Changing Lives: Unity Jaji – Zimbabwe

Changing Lives: Unity Jaji – Zimbabwe

Date: June 30, 2015
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I am the Acting Director for Housing and Community Services in Gweru; I joined the council in 1999 as a Senior Administration Officer, and moved up to Assistant Director of Housing and Community Services. My role involves housing management; mainly, I deal with selling and renting out stands, but it also includes dealing with sales stands and welfare assistance. The council runs four youth development centers which I am involved in, and I am also involved in sports development; we identify upcoming sports talent. I am involved in hiring out of council properties – the town halls, for example, as well as HIV and AIDS projects. I have also been involved in the greening of the city and in education projects. By working with Gender Links, I have learned how to mainstream gender in all my work.

I always wanted to work with the community, though I do sometimes get caught up in the politics of local government. Through Gender Links, I have been trained, and as a result, have stronger capacity in many areas. I’m no longer afraid of various titles and portfolios that in the past, I didn’t have the confidence to handle. For example, once, there was a repossession issue that came under my responsibility, and I had to be very firm in this repossession. The tenant called the governor, who then confronted me directly. It was an intimidating situation, but I was able to maintain my composure throughout the conversation, hold my ground, and react in a calm manner because of all I learned from Gender Links. In the end, we reached a constructive resolution. I have learned to be strong and firm, and not to buckle under pressure from the levels above me. Gender Links has trained me to face all kinds of challenges, and maintain my confidence through them. Now, I can stand by the truth, and know that it guides me.

Priscilla first visited the Gweru Town Council offices in 2009 accompanied by Susan Tolmay, who was then the Governance Manager at GL. They were initially referred to me, and I admit that I was skeptical at first, because they interviewed me. To me, it felt like a bit of an interrogation, and given the political climate in Zimbabwe at that time, I felt very suspicious. I wasn’t sure who the report was going to, or for what purpose it would be used.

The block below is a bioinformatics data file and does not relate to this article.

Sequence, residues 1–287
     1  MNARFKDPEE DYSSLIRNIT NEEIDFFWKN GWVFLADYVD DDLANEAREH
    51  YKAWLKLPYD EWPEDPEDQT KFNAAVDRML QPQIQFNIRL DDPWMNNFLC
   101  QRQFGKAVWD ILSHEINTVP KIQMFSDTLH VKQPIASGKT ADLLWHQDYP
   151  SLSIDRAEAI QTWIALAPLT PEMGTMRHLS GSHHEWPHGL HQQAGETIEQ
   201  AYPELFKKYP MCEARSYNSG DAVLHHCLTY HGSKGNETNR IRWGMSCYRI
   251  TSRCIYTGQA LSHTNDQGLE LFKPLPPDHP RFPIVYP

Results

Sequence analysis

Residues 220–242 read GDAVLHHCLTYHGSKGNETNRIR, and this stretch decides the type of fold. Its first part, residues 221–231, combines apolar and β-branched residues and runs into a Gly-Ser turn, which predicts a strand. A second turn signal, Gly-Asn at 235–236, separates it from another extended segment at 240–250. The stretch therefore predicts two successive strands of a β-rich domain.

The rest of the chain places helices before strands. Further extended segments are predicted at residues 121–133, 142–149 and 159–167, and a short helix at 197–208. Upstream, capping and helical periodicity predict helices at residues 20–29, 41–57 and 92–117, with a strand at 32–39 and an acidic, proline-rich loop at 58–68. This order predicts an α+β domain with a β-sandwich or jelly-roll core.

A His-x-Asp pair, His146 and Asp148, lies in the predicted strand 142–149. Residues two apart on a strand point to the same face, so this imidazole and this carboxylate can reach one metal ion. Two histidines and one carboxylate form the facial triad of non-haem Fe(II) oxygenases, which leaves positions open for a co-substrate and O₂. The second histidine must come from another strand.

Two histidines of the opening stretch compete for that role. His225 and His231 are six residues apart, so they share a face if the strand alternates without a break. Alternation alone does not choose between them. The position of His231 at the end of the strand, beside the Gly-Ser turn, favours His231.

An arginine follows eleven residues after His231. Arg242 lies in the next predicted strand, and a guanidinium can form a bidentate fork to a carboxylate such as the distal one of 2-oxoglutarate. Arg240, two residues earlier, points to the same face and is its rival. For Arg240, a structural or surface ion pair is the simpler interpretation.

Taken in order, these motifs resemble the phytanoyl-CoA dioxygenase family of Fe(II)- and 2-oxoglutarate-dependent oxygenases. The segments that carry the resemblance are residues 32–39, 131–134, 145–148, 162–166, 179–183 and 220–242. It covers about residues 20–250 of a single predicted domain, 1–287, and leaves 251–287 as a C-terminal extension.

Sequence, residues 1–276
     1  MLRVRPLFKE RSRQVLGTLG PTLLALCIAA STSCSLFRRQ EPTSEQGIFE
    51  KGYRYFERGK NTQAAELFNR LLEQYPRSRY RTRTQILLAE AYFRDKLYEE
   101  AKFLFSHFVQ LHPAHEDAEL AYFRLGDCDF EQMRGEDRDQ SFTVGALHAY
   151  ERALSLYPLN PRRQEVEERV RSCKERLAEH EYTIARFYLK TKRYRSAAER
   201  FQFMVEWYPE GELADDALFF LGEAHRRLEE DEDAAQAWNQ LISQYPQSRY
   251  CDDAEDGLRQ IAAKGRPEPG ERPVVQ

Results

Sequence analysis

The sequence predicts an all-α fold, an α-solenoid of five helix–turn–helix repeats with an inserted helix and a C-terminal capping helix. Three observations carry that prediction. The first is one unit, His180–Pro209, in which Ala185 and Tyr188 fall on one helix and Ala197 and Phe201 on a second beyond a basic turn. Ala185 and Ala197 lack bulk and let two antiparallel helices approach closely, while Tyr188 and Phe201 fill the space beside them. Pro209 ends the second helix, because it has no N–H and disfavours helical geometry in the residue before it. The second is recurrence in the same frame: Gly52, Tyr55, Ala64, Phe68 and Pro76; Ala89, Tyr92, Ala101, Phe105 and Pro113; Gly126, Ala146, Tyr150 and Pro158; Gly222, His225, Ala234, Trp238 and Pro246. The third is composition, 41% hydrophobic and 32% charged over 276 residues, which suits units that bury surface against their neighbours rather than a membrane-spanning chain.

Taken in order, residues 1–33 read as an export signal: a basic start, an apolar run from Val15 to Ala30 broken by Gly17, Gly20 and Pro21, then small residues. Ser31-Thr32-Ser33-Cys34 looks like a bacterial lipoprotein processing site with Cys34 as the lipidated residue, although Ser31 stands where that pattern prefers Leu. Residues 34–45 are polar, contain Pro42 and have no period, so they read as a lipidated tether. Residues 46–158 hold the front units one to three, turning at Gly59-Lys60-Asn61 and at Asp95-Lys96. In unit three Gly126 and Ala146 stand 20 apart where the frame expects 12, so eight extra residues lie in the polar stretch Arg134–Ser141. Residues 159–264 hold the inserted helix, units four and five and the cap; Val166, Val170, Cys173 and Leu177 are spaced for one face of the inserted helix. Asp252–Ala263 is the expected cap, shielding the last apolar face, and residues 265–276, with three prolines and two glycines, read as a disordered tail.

In 2012, Priscilla started calling the council offices and I was confused. The Zimbabwean Women’s Resource Center and Network (ZWRCN) were coming to Gweru with a gender budgeting programme, and here Priscilla was calling with her own gender budgeting program. I didn’t understand why the two organizations didn’t join forces- after all; they were coming with the same product. Every time Priscilla would call, I would ask her to call UCAZ and come through them. By this time, UCAZ had already signed an MOU with GL. GL had no office, and did not feel legitimate to me. Priscilla continued to bring GL publications, and my reaction was that GL wanted to make money.

After many phone calls, the council staff and members finally met with Priscilla at the Fair Mile Motel in 2012 for their first workshop. Priscilla presented herself in such a simple and straightforward manner that it made my colleagues and I even more suspicious of her motives. But by the end of the workshop, Priscilla had conducted the workshop so well that all inhibitions disappeared and everybody engaged fully. I remember being very impressed by Priscilla’s delivery. Council members then went to South Africa and finally saw the GL they had wondered about for so long.